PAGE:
No one could say it was my choice to kill the twins, any more than it was my decision to bring them into the world.
As a child, the unnamed narrator listened to his mother telling a persian myth about the dumb house. The dumb house is a palace, in which Akbar the Great put newborn children, attended only by mutes, in order to learn if the children would aquire a language of their own. His goal has been to determine, whether speach is innate or aquired and if speach is a devine gift of the gods. And above all, if speach is connected to the soul. The unnamed narrator gets obsessed with the idea of the dumb house and he starts to do expirements. Is speach an innate gift? And where is the soul located?
You thought Hannibal Lecter was creepy? Well, think again and meet the unnamed narrator of this novel (fyi, we get to know his name by the end of the novel). This book is told through the perspective of a man, who is totally devoid of any emotions and empathy and he is doing horrible, horrible things. Reading this book is like getting a glimpse of a totally disturbed mind and this book is unsettling, to say the least. And yet John Burnside manages to create a character, who doesn´t appear to be crazy. Everything the main character does is totally reasonable within his own mindset and since he shares his thoughts, the reader understands why he does certain things the way he does.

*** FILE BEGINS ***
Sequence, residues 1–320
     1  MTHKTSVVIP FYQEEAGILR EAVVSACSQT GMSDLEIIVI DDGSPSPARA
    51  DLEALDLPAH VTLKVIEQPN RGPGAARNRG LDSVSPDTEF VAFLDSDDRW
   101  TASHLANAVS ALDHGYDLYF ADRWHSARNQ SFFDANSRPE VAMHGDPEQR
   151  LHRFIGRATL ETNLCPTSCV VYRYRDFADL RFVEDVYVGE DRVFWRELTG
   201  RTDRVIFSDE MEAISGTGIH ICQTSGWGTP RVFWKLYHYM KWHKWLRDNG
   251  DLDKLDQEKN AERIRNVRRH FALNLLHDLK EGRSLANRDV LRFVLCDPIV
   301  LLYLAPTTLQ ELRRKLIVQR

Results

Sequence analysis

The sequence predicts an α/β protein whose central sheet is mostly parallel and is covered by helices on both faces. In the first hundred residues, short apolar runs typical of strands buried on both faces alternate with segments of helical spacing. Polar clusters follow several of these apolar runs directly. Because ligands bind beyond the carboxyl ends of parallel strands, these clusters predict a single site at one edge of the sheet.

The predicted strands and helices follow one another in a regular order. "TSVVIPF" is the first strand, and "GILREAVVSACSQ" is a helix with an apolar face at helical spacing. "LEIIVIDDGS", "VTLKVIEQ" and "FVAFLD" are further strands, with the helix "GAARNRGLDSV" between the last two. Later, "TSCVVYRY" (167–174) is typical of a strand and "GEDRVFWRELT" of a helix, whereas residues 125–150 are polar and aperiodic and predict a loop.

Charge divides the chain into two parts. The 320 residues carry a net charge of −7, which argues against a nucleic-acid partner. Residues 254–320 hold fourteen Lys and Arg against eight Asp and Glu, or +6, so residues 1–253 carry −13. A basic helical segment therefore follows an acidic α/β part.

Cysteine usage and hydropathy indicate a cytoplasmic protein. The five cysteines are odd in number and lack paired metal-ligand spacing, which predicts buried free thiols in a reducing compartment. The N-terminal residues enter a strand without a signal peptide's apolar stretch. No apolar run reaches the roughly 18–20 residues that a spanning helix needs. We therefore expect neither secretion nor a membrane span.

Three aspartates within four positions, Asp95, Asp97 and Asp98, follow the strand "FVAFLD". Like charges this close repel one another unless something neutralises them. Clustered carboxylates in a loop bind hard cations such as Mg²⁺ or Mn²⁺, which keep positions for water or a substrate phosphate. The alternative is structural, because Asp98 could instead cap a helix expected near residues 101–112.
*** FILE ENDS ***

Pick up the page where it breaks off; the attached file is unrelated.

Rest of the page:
This book is definitely not for everyone. It´s disturbing, unsettling and harrowing. But on the other hand it´s engrossing, mesmerizing and fascinating. And it´s just really, really good.